GILGER: So that's then your response to criticisms by groups like PLEA (Phoenix Law Enforcement Agency), some of that the unions representing police officers who say like, I don't know what a civilian review board would accomplish that isn't already being accomplished by current mechanisms. Would this be like, a civilian review board... would theoretically have the power to to tell the department to fire a certain officer?

GARCIA: Yes, I think... the review board needs to have that power. There needs to be consequences for the police officers. What we've seen is impunity by police officers who've been involved in police-involved shootings or abuse cases like the ones we saw. I think we need to, for PLEA and supporters of PLEA, kind of flip the argument right back to them. What is it that you're afraid of? Why would you be afraid of civilians actually wanting to make the department better? And make sure that they're not abusing their power, make sure that they're not murdering people that they shouldn't be. And so I think it's important to have accountability and transparency. And I think it's concerning, to think that an entire police department and an entire community does not want transparency and does not want us to know what's actually happened in these situations. And so I think it's common sense. Even the t-shirt I wore last week brought some controversy and it said nothing but end police brutality. And I don't understand how people can be against ending brutality. We're not saying end police,  we're not saying anything else but to end the brutality and then the abuse at the hands of police.

GILGER: I'm guessing the response from that would be that they feel attacked, in the sense, they feel like this wouldn't be a fair review process. These are people who don't like police whatever they do. How would you choose who's on the committee? How would how would you ensure the fairness there?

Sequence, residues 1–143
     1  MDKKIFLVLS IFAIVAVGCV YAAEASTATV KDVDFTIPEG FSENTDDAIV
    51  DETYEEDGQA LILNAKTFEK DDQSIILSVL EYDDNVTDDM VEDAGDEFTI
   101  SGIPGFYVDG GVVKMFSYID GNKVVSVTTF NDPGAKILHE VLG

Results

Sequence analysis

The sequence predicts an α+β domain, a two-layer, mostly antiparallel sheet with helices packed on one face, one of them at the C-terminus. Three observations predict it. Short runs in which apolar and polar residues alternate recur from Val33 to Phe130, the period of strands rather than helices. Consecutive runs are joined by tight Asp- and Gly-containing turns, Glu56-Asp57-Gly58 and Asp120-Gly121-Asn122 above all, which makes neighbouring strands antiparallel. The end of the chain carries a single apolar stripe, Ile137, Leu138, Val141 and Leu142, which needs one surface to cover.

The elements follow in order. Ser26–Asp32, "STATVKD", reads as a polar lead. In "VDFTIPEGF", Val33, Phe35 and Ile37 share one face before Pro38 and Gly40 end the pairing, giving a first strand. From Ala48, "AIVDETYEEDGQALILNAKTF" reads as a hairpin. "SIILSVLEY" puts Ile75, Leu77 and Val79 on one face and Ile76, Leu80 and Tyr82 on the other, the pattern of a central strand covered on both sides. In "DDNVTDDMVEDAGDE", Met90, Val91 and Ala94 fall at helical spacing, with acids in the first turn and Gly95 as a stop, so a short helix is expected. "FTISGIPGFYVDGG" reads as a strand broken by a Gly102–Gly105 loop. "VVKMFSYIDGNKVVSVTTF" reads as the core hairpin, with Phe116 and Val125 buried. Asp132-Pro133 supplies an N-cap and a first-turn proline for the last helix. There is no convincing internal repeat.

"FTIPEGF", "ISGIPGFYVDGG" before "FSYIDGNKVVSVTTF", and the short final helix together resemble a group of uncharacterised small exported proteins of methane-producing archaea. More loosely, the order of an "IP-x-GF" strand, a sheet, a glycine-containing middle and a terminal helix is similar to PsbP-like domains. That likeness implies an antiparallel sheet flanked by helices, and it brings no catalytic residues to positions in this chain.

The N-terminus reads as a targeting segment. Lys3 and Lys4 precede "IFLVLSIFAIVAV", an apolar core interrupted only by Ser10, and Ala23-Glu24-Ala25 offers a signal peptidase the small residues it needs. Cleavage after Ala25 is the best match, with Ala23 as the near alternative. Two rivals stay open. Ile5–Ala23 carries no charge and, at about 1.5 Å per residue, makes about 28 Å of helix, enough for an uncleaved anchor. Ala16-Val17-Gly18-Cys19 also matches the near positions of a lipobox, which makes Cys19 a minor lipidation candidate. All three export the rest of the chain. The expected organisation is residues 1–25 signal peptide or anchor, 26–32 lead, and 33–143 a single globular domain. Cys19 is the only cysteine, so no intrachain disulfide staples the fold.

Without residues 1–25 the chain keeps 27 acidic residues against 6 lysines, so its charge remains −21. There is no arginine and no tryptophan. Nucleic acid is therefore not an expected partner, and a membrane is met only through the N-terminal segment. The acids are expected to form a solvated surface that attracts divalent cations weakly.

GARCIA: I... think who's on the committee needs to have the trust of community. I think it would be really impactful for there to be someone who went through a police abuse or violence situation. I think there's experts out there. I think there's; you know I was hearing your show a couple days ago and I saw a restaurant owner who had an amazing analysis of what's happening, right? And I'm not saying he's the one. But I think there's people out there who want to make the police department better, who aren't necessarily polarizing people but are people that are concerned about the community and concerned about the violence at the hands of police.

GILGER: We had Phoenix Police Chief, Jeri Williams, on our show a couple of weeks ago after the story came out, that broke national news, about police officers in many departments, including Phoenix PD, posting some controversial things on their, inflammatory things on their social media accounts. And I asked her, at the time, if she thought that this pointed to a broader culture problem within her department. And she said no. She thought this was a few bad apples, the Governor, Doug Ducey said the same thing recently. What's your response to that?

GARCIA: She may be right. I would argue different. I would say it's an entire culture. And what I would point to that culture is those police officers that made those posts, including the police officers that were around the family, that they didn't report it. They all play a role in it whether it's a silent role whether it's a role of allowing these comments to be made around them. Those things point to a culture. And that's a culture of; there might be in what the chief is saying a couple of people that are doing these things but everyone else is allowing it. And that is what a culture is. And I think it's a culture of racism as we saw in the post. And it's a culture of abuse and impunity that allows people to get away with things that they shouldn't be getting away with. And I hope the chief recognizes it as such and addresses it as such.

GILGER: Phoenix City Council member Carlos Garcia thank you.

GARCIA: Thank you so much.

GILGER: One of those who is closely following the Phoenix police controversy and its impact on law enforcement and community is Kevin Robinson, a retired assistant... Phoenix police chief who chaired the department's disciplinary review board for 13 years. Robinson is also a lecturer at the ASU School of Criminology and Criminal Justice. Good morning Kevin.

KEVIN ROBINSON: Hey,  good morning.

GILGER : So I want to start with this idea of a civilian review board. So you chaired the internal review board then for some time. What do you make of that idea?